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A holding company formed to breathe new life into older storage brands hopes to revive a 30-year-old data protection vendor.
StorCentric today acquired midsize enterprise cloud backup vendor Retrospect for an undisclosed sum, marking the fifth time in 15 years the data protection vendor has changed hands. Retrospect's 20 full-time employees will join StorCentric, including CEO JG Heithcock.
NAS vendor Drobo and HDD array maker Nexsan merged in 2018 to create StorCentric. Mihir Shah is CEO and founding Drobo engineer Rod Harrison is CTO. Heithcock joins StorCentric as general manager.
Like those disk-based vendors, Retrospect has a history in storage for small and midsize firms. And like Drobo and Nexsan, Retrospect has undergone several transformations.
StorCentric's Shah said Retrospect advances his goal to acquire undervalued storage companies with mature technologies and established customers.
"We don't want to acquire science projects where there may not be a product fit. I'd rather acquire a business that has a strong set of customers, and enhance technology that may be a little long in the tooth," Shah said.
Retrospect backup: A look back
As with Drobo and Nexsan, Retrospect will operate as a separate entity within StorCentric. Shah said the complementary storage technologies target a market estimated at $100 billion.
Retrospect has been in business since 1989 and sells backup software mainly to the SMB market, including customers in education and government. The company emerged as a private company in 2010 following a series of transactions. The Retrospect agent handles archive and backup, full data encryption and endpoint protection for Mac and Windows environments.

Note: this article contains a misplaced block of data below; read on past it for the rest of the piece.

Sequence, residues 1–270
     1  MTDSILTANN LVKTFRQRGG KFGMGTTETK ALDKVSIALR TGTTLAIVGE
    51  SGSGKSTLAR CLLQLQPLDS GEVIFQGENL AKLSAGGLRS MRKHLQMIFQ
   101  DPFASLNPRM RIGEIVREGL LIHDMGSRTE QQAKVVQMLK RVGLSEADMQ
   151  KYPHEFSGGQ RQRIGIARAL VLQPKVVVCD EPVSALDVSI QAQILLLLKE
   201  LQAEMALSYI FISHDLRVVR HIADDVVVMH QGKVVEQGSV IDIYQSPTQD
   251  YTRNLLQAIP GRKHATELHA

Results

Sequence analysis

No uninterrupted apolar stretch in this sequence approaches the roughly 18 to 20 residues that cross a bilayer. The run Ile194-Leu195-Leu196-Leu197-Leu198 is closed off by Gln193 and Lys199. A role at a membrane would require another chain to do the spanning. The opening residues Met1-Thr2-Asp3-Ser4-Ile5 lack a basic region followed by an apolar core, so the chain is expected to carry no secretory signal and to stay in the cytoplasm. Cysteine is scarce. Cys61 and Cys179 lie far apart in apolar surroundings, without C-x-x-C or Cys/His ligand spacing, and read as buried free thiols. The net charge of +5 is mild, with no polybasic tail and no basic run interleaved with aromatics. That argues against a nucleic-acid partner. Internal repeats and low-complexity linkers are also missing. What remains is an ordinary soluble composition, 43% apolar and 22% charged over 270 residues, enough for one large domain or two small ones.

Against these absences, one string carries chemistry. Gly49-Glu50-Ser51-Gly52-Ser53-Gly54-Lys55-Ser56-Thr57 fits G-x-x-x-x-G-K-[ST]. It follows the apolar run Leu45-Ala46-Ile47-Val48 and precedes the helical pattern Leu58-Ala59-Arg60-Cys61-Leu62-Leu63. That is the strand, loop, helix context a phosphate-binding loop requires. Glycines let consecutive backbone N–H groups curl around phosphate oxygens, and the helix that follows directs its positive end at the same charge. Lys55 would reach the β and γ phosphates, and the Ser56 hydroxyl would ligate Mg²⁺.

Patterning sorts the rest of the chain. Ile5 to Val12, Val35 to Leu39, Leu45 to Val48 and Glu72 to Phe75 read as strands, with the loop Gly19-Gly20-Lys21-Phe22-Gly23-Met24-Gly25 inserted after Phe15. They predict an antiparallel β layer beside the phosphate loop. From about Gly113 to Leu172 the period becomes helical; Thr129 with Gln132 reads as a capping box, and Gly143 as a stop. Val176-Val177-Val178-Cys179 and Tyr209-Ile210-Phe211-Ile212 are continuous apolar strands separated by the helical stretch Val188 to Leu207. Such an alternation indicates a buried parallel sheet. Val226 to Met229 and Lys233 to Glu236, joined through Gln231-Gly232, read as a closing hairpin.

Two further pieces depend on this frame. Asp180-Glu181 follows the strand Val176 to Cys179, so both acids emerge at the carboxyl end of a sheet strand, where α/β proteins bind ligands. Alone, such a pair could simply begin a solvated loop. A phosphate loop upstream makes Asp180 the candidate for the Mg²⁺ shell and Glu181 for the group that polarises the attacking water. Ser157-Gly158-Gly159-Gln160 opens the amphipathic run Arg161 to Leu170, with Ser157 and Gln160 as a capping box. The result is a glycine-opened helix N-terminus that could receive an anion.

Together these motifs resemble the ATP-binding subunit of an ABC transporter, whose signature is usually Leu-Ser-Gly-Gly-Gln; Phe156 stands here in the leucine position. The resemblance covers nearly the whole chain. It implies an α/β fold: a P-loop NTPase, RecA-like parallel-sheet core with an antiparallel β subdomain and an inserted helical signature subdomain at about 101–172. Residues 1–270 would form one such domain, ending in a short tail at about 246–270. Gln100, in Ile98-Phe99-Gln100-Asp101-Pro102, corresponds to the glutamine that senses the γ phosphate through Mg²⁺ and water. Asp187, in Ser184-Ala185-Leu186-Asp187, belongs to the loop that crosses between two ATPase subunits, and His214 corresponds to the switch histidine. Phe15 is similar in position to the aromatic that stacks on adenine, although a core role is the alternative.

Retrospect started out as backup for locally attached storage for tape and NAS. EMC acquired Retrospect in 2004 from Dantz Development Corp. Sonic Solutions acquired the Retropect assets from EMC in 2010 and folded it under its Roxio brand, but digital media company Rovi bought Sonic a year later and Retrospect founders spun it out as a private company.
Heithcock said Retrospect product development has pushed beyond an initial focus on Mac backup to include Windows and Linux. He said Retrospect has customers in more than 100 countries and 45% of revenue comes from recurring service contracts. The Retrospect platform supports more than 20 cloud storage providers, Heithcock said.
In March, Retrospect Backup 16 was released with support for redeploying Retrospect clients through third-party tools or built-in services for automatic updates. It also allows the creation of storage groups to protect a backup environment with one centralized destination.
StorCentric ambitions include small-cap IPO
Drobo NAS appliances include devices for home use and organizations with about 150 users. The Nexsan storage gear includes unified Unity SANs, block arrays for ruggedized use cases and Assureon active archive appliances.
Drobo and Nexsan have been connected at several points in their respective histories. Shah headed a group of investors that acquired Drobo in 2015 from now-defunct Connected Data. Also in 2015, Nexsan's former parent, Imation Corp., bought sync-and-share Transporter technology from Connected Data.
The addition of Retrospect boosts StorCentric's headcount to 220 employees. Shah said the StorCentric roadmap involves making select transactions to build value during the next several years, potentially leading to an initial public offering. "We're looking at a small-cap listing," he said.